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Golden Oldies: Flavors of Fools

by Miki Saxon

It’s amazing to me, but looking back over more than a decade of writing I find posts that still impress, with information that is as useful now as when it was written.

Golden Oldies are a collection of what I consider some of the best posts during that time.

I’ve written several posts over the years about fools (links below). I thought sharing previous thoughts was apropos, since tomorrow’s post is about the importance/value of fools to every organization.

Read other Golden Oldies here.

http://www.flickr.com/photos/cmak/2575149616/

In the past we’ve looked at fools and money, fools and management and Shakespeare’s idea that one should never underestimate someonewise enough to play the fool.”

One fool thing I haven’t addressed is the idea of suffering them gladly, as in ‘he doesn’t suffer fools gladly’.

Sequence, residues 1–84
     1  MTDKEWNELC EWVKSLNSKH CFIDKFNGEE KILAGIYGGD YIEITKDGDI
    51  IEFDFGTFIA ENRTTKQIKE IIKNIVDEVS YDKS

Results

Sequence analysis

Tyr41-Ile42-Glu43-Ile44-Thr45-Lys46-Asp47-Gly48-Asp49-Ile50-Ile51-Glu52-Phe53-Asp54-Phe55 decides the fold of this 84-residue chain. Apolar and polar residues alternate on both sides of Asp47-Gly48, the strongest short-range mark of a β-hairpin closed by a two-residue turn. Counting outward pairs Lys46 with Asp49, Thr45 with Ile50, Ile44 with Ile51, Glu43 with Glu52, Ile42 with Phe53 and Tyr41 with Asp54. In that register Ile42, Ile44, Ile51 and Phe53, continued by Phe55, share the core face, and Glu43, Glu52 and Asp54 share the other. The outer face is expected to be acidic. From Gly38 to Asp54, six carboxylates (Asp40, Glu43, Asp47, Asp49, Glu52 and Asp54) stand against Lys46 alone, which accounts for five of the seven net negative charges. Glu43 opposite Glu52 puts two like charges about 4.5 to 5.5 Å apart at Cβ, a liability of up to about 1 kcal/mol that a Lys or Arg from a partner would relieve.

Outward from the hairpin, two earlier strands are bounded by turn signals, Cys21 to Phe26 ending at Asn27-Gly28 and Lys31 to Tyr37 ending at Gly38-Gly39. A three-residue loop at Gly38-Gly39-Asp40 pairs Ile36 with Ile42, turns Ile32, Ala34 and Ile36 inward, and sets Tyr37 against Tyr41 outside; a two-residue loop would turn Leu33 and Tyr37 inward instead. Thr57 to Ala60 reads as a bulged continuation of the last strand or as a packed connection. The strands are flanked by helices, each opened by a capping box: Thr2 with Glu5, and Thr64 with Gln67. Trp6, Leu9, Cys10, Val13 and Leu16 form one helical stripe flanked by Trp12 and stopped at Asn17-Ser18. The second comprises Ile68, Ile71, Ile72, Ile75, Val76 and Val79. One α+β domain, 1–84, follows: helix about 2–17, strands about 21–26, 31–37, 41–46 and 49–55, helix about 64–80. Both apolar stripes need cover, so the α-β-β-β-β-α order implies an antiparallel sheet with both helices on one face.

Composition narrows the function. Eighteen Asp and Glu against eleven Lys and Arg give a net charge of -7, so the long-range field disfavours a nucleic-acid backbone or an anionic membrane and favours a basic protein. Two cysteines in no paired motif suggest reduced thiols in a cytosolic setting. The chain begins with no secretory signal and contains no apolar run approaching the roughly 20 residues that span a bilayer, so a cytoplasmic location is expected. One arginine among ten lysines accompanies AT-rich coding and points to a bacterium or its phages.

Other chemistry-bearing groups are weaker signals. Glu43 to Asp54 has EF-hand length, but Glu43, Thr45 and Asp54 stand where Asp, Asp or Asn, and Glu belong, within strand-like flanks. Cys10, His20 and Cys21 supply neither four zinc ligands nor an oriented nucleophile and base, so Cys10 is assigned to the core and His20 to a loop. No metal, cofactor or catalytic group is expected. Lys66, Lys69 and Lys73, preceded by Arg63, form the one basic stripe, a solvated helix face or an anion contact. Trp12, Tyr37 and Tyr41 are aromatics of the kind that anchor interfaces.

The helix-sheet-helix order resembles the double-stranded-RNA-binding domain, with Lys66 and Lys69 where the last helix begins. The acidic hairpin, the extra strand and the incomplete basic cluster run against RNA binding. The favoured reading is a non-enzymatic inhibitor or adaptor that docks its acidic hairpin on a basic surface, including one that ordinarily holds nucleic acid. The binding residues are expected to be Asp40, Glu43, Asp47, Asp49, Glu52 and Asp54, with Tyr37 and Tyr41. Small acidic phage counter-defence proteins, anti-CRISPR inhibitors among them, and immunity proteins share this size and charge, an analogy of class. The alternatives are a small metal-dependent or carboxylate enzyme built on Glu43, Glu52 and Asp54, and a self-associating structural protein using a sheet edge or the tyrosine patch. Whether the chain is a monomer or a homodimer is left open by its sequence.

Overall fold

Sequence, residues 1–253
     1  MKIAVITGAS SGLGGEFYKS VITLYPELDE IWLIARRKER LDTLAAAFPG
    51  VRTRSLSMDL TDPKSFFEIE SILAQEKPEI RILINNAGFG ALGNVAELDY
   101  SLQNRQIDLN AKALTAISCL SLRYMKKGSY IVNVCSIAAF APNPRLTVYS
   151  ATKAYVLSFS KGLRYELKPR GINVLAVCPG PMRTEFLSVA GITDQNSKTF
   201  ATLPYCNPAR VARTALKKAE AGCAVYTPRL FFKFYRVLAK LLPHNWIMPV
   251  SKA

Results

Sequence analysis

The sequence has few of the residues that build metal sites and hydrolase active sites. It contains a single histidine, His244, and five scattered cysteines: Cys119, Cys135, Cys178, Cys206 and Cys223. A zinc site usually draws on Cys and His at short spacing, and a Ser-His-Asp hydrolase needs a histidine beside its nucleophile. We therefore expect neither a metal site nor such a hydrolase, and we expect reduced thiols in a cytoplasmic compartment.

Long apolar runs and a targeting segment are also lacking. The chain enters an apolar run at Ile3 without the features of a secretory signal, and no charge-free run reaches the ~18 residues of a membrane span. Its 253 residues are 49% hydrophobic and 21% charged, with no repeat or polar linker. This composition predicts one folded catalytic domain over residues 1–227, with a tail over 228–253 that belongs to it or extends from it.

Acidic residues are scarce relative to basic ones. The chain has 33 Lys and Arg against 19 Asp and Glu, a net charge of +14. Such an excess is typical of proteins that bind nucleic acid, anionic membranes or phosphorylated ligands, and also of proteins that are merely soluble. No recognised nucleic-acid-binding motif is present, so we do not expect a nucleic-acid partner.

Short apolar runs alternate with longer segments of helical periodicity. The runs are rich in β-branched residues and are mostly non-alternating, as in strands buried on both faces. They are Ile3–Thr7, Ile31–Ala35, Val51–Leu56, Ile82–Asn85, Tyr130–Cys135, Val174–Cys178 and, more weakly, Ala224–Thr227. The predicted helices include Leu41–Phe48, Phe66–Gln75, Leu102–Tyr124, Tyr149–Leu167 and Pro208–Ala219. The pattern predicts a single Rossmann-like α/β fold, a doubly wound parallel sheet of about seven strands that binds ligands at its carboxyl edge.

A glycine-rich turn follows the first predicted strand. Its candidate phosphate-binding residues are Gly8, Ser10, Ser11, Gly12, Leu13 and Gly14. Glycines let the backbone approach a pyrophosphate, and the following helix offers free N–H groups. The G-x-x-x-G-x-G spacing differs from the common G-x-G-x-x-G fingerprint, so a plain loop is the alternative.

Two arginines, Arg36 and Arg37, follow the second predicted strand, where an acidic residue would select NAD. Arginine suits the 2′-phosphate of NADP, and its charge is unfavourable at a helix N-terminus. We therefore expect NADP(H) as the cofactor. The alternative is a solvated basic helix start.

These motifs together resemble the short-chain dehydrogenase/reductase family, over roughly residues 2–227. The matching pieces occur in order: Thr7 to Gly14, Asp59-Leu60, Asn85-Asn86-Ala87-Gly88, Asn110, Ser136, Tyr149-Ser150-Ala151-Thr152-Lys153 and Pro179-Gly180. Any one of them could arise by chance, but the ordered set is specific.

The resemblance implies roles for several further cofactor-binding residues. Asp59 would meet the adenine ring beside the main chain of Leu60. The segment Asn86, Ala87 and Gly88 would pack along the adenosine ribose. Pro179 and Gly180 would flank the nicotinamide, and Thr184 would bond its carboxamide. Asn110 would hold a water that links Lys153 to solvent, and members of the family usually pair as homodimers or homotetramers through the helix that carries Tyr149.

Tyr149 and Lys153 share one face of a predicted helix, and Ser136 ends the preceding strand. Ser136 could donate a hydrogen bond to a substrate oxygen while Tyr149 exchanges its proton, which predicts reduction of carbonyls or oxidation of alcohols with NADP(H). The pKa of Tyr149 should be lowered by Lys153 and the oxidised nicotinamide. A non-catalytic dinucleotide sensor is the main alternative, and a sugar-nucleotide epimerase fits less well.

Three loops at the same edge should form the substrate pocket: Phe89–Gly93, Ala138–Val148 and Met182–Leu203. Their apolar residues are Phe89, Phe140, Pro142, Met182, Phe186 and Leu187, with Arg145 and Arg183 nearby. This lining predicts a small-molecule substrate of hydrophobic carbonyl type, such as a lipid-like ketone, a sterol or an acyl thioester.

An op-ed piece defines the saying this way,

It suggests that a person is so smart he has trouble tolerating people who are far below his own high standards. It is used to describe a person who is so passionately committed to a vital cause that he doesn’t have time for social niceties toward those idiots who stand in its way. It is used to suggest a level of social courage; a person who has the guts to tell idiots what he really thinks.

(If you buy the validity of the idea behind this definition I have a great deal on an orange bridge you can buy for your backyard.)

It isn’t courage this person has, but rather a lack of empathy, an abundance of arrogance and absolutely no manners.

And make no mistake, even these days manners are important; in fact, more so than ever. As Edmund Burke said,

“Manners are of more importance than laws. Manners are what vex or soothe, corrupt or purify, exalt or debase, barbarize or refine us, by a constant, steady, uniform, insensible operation, like that of the air we breathe in.”

So before you part a fool and his money, give a fool a tool, or refuse to suffer a fool I suggest you look in the mirror, because one person’s genius is another person’s fool.

Flickr image credit: Chris Makarsky

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